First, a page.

A few simple steps can go a long way in guaranteeing the ideal platform to ensure compliance with any data protection regulation globally. However, it does not necessarily have to be an arduous task. For organisations aiming to achieve compliance with New Zealand's Privacy Act of 2020, here's what they can do to start:

  • Have an easy-to-read privacy policy that clearly communicates all the data subject's rights without leaving any room for ambiguity;
  • Hire Privacy Officers that understand the Privacy Act, both legally and strategically to aid your data processing strategies and tactics;
  • Ensure all the company's employees and staff are acutely aware of their responsibilities under the law;
  • Conduct regular data protection impact assessments as well as data mapping exercises to ensure maximum efficiency in your compliance efforts;
  • Implement robust vendor due diligence processes for third party agents;
  • Notify the relevant authorities of a data breach as soon as possible.

How can Securiti Help

Data compliance and governance have taken an immensely pivotal role when it comes to cementing customers' trust towards any website and organisation. Today's customers online are more educated about their digital rights, especially regarding their right to privacy online. Laws being enacted around the world reflect this rising trend. It is now becoming a legal requirement for businesses of all sizes to consider data protection a serious responsibility towards their customers.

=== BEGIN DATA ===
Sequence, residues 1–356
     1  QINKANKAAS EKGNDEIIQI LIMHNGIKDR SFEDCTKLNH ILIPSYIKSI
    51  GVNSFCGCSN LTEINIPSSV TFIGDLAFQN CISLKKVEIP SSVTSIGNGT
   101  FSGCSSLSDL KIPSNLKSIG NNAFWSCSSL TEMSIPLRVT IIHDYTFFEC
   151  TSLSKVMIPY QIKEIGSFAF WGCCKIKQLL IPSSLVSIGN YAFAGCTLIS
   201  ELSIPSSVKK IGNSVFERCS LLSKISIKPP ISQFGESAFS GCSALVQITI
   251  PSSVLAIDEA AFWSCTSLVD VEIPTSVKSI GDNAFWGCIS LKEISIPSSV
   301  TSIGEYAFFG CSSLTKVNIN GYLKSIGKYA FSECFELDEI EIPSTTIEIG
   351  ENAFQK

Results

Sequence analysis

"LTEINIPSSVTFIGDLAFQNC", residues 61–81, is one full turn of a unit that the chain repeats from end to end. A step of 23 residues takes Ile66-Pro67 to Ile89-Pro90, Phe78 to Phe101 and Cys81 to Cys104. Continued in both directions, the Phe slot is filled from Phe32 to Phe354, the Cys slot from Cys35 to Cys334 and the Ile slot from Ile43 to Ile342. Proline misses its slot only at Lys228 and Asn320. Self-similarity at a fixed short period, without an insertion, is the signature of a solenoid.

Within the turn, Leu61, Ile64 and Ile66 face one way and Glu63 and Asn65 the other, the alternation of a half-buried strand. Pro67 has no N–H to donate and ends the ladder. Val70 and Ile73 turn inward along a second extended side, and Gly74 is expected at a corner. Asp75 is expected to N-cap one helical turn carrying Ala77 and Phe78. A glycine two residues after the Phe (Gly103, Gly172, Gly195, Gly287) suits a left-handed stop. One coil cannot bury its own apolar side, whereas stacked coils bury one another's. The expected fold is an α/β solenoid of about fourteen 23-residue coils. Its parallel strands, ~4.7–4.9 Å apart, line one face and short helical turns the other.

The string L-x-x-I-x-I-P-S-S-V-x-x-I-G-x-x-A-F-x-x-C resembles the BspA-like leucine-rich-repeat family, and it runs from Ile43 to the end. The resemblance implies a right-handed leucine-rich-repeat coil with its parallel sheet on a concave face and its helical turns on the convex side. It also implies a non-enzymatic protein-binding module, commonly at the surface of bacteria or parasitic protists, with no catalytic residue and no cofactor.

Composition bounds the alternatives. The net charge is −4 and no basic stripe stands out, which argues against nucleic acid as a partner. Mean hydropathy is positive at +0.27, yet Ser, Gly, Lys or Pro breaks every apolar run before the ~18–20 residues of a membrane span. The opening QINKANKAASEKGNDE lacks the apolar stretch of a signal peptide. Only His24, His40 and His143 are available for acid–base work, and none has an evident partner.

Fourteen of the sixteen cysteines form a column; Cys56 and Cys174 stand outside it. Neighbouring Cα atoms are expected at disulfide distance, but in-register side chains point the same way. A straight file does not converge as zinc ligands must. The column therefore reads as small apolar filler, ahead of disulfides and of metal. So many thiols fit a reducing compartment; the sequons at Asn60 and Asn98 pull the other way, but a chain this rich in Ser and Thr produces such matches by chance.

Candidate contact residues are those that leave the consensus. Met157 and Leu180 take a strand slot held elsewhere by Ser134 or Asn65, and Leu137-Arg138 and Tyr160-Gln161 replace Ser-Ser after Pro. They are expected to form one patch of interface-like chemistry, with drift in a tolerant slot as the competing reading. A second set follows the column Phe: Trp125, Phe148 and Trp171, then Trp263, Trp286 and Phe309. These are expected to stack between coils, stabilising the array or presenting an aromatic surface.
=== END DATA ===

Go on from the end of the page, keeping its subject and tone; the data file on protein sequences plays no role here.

The New Zealand Privacy Act of 2020 is just one example of that. Several other countries have followed suit, and each country will likely have some sort of data protection-related regulation in place. Considering how traditional big tech firms like Facebook and Google have already faced heavy fines, this is understandably a challenge for organisations.

Fortunately, there is an effective and efficient solution. Securiti has made a name for itself owing to its PrivacyOps framework that has helped multiple organisations achieve compliance towards some of the major data protection laws in the world. It can do the same for your company with New Zealand's Privacy Act of 2020 and any other data protection law globally.

Request a demo today to see its several tools in action and how they can help you.

Muhammad Faisal Sattar

Authored by Muhammad Faisal Sattar

Muhammad Faisal Sattar is a Certified Information Privacy Professional (Asia) and Certified Information Privacy Manager (CIPM), known for his expertise in global privacy laws, AI governance, and corporate compliance. He is a McCall MacBain Scholar at McGill University. As a privacy lawyer, Faisal provides advisory services related to customized privacy solutions on global privacy developments, AI risk assessments, and privacy assessments.

His interests particularly center on the complex interplay between technology, law, and privacy, with a strong focus on policy matters. His legal expertise and industry experience make him a reliable source for his insights on legal developments in data privacy laws, and privacy assessments.